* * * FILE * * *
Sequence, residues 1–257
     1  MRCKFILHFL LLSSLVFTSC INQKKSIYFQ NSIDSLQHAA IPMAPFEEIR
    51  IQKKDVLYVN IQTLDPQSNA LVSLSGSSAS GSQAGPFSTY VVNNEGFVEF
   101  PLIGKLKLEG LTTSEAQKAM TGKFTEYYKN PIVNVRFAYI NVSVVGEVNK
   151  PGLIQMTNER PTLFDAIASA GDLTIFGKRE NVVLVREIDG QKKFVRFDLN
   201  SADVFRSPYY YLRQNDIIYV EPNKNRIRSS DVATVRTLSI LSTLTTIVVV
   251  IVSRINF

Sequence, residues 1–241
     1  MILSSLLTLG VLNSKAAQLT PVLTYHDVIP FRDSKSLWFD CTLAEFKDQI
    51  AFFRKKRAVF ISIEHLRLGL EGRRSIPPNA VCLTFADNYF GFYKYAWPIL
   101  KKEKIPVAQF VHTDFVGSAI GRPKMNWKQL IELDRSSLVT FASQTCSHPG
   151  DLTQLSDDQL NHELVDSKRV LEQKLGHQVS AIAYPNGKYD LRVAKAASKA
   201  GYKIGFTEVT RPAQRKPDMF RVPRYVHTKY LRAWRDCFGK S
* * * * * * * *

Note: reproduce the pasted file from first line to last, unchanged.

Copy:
Sequence, residues 1–257
     1  MRCKFILHFL LLSSLVFTSC INQKKSIYFQ NSIDSLQHAA IPMAPFEEIR
    51  IQKKDVLYVN IQTLDPQSNA LVSLSGSSAS GSQAGPFSTY VVNNEGFVEF
   101  PLIGKLKLEG LTTSEAQKAM TGKFTEYYKN PIVNVRFAYI NVSVVGEVNK
   151  PGLIQMTNER PTLFDAIASA GDLTIFGKRE NVVLVREIDG QKKFVRFDLN
   201  SADVFRSPYY YLRQNDIIYV EPNKNRIRSS DVATVRTLSI LSTLTTIVVV
   251  IVSRINF

Sequence, residues 1–241
     1  MILSSLLTLG VLNSKAAQLT PVLTYHDVIP FRDSKSLWFD CTLAEFKDQI
    51  AFFRKKRAVF ISIEHLRLGL EGRRSIPPNA VCLTFADNYF GFYKYAWPIL
   101  KKEKIPVAQF VHTDFVGSAI GRPKMNWKQL IELDRSSLVT FASQTCSHPG
   151  DLTQLSDDQL NHELVDSKRV LEQKLGHQVS AIAYPNGKYD LRVAKAASKA
   201  GYKIGFTEVT RPAQRKPDMF RVPRYVHTKY LRAWRDCFGK S